The hydatid tapeworm has its most dangerous impact on humans. The Crookwell district has, at times, been infamous for the frighteningly high incidence of potentially fatal human hydatidosis. Maintaining strict worming regimes is as important for your health as it is for the health of your working dogs or pets.
The hydatid tapeworm is tiny – only 4 to 6mm – and very difficult to see in the droppings. While the true hosts are dogs, dingoes and foxes, the tapeworm requires other animals – intermediate hosts – to complete its life cycle. These are many and varied and the parasite is now widespread in domestic livestock and wildlife, including sheep, goats, cattle, pigs, horses, kangaroos and wallabies.
Humans can also act as an intermediate host.
It’s important to understand people don’t become infected by eating offal or meat – they develop hydatid cysts like all other intermediate hosts by inadvertently picking up tapeworm eggs from dogs. These eggs have passed out in the faeces of infected dogs, and are easily picked up from the dog’s coat or rugs, for example. Grazing animals pick up the tapeworm eggs when grazing pastures contaminated with dog droppings.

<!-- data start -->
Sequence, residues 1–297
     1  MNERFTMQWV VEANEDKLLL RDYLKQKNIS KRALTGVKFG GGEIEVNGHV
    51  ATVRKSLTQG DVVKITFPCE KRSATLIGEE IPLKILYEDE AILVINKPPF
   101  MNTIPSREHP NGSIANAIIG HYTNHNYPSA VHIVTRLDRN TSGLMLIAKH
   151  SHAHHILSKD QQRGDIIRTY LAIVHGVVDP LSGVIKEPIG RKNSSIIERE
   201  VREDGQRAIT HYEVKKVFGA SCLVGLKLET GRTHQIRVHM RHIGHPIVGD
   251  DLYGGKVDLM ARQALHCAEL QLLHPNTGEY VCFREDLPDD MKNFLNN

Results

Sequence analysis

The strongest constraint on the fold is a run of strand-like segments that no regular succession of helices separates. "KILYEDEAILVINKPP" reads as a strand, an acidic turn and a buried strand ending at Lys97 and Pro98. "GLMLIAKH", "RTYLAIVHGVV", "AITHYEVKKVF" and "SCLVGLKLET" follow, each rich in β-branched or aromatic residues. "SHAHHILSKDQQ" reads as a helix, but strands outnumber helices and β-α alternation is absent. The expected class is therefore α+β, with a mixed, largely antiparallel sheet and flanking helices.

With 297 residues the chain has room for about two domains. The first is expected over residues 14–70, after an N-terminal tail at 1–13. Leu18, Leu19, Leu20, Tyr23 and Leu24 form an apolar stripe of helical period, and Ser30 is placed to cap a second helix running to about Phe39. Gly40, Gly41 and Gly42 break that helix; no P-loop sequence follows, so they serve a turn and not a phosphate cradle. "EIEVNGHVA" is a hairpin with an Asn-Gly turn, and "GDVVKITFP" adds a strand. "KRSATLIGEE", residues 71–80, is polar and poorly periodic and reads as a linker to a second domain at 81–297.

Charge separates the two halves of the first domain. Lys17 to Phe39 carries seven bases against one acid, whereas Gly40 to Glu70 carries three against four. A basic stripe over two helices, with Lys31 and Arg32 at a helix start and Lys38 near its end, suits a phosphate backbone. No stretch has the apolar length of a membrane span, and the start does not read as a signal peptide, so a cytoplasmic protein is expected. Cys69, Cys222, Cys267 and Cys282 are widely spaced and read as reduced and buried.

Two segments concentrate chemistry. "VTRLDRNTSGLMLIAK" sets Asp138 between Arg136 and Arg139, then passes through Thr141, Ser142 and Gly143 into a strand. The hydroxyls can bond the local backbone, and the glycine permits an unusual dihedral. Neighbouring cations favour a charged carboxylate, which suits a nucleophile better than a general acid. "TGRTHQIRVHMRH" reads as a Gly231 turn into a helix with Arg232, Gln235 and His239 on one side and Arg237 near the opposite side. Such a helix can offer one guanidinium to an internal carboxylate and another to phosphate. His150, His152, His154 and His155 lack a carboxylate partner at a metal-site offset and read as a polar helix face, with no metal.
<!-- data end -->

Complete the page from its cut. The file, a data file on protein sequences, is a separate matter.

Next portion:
Once the eggs are swallowed, they can develop into hydatid cysts in the intermediate host’s internal organs, especially the liver, heart and lung. The life cycle is completed when a dog, dingo or fox eats material containing hydatid cysts (for example, sheep liver) and becomes infected with hydatid tapeworms – see the life cycle diagram below.
Diagram courtesy Department of Primary Industries, Parks, Water and Environment, Tasmanian Government
Prevention and control
Most adult dogs should be wormed every 3 months for life. Farm or pet dogs fed offal, or with access to offal via dead livestock or wildlife such as kangaroos, must be wormed every 6 weeks, alternating between an allwormer (that covers roundworms, hookworms, whipworms) and a tapewormer for life.
To be effective against the hydatid tapeworm, the tapeworm product must be a praziquantel-based product such as Droncit.
Access to offal
Make sure your dog does not have access to offal, either on your farm or your neighbours’ properties, or by feeding offal as part of the diet. The safest and best balanced diet for dogs is good quality manufactured dog food.
Wash your hands thoroughly after handling your dogs, their rugs, feed bowls and grooming gear. Teach your children too about the importance of hand washing after playing with their pet – it may save a life.